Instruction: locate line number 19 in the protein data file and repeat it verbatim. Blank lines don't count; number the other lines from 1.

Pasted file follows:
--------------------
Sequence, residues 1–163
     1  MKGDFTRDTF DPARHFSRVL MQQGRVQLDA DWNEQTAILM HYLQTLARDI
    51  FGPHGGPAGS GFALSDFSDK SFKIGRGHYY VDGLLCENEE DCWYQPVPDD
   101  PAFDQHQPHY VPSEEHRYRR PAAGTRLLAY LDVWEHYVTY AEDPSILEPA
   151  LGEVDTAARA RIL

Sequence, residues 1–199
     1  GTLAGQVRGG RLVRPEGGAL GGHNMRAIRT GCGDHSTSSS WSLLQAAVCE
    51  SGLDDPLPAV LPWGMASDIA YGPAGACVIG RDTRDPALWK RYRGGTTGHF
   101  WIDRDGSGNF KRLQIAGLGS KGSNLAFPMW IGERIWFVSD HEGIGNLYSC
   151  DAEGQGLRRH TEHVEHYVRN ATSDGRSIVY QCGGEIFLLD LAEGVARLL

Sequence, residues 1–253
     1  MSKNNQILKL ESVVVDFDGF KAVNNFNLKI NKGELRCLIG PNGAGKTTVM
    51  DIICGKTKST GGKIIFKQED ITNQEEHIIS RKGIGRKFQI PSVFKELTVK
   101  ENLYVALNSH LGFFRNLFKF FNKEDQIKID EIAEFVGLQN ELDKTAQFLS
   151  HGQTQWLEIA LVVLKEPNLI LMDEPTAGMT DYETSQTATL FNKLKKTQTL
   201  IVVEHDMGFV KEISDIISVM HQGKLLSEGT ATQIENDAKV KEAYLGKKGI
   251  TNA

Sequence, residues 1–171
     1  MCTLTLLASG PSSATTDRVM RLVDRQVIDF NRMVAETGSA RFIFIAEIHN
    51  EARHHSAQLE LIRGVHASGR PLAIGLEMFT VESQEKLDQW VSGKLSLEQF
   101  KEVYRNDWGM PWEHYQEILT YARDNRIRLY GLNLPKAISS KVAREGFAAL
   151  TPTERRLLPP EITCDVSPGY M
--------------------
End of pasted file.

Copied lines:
     1  MCTLTLLASG PSSATTDRVM RLVDRQVIDF NRMVAETGSA RFIFIAEIHN